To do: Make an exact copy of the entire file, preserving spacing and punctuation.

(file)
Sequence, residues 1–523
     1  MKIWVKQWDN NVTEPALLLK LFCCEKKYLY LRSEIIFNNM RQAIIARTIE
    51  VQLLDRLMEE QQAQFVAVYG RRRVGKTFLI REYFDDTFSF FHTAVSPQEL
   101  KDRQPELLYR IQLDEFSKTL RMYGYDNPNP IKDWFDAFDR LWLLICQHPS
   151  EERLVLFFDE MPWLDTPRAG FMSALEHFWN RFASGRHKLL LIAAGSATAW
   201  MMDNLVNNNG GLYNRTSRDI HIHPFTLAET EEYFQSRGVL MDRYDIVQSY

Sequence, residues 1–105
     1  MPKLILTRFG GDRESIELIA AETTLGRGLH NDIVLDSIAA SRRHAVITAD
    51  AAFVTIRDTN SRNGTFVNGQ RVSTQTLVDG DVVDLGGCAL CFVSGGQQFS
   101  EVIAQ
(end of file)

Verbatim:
Sequence, residues 1–523
     1  MKIWVKQWDN NVTEPALLLK LFCCEKKYLY LRSEIIFNNM RQAIIARTIE
    51  VQLLDRLMEE QQAQFVAVYG RRRVGKTFLI REYFDDTFSF FHTAVSPQEL
   101  KDRQPELLYR IQLDEFSKTL RMYGYDNPNP IKDWFDAFDR LWLLICQHPS
   151  EERLVLFFDE MPWLDTPRAG FMSALEHFWN RFASGRHKLL LIAAGSATAW
   201  MMDNLVNNNG GLYNRTSRDI HIHPFTLAET EEYFQSRGVL MDRYDIVQSY

Sequence, residues 1–105
     1  MPKLILTRFG GDRESIELIA AETTLGRGLH NDIVLDSIAA SRRHAVITAD
    51  AAFVTIRDTN SRNGTFVNGQ RVSTQTLVDG DVVDLGGCAL CFVSGGQQFS
   101  EVIAQ